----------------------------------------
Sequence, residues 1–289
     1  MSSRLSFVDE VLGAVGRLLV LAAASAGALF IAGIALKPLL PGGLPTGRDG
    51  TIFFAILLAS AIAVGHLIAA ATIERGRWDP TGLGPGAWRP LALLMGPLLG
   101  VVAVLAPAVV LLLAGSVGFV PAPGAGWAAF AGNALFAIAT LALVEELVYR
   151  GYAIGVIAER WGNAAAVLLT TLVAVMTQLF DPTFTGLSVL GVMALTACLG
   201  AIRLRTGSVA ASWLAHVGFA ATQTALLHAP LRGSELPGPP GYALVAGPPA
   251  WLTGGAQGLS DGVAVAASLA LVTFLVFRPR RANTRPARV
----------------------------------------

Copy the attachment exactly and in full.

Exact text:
Sequence, residues 1–289
     1  MSSRLSFVDE VLGAVGRLLV LAAASAGALF IAGIALKPLL PGGLPTGRDG
    51  TIFFAILLAS AIAVGHLIAA ATIERGRWDP TGLGPGAWRP LALLMGPLLG
   101  VVAVLAPAVV LLLAGSVGFV PAPGAGWAAF AGNALFAIAT LALVEELVYR
   151  GYAIGVIAER WGNAAAVLLT TLVAVMTQLF DPTFTGLSVL GVMALTACLG
   201  AIRLRTGSVA ASWLAHVGFA ATQTALLHAP LRGSELPGPP GYALVAGPPA
   251  WLTGGAQGLS DGVAVAASLA LVTFLVFRPR RANTRPARV